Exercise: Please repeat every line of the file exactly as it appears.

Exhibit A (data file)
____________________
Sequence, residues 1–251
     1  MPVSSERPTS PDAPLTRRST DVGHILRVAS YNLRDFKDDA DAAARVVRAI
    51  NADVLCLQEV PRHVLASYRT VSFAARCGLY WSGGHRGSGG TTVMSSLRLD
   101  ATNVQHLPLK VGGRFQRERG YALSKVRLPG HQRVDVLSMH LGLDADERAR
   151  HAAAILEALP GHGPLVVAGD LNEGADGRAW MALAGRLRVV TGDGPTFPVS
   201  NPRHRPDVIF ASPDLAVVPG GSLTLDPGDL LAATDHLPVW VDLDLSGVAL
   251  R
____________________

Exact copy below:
Sequence, residues 1–251
     1  MPVSSERPTS PDAPLTRRST DVGHILRVAS YNLRDFKDDA DAAARVVRAI
    51  NADVLCLQEV PRHVLASYRT VSFAARCGLY WSGGHRGSGG TTVMSSLRLD
   101  ATNVQHLPLK VGGRFQRERG YALSKVRLPG HQRVDVLSMH LGLDADERAR
   151  HAAAILEALP GHGPLVVAGD LNEGADGRAW MALAGRLRVV TGDGPTFPVS
   201  NPRHRPDVIF ASPDLAVVPG GSLTLDPGDL LAATDHLPVW VDLDLSGVAL
   251  R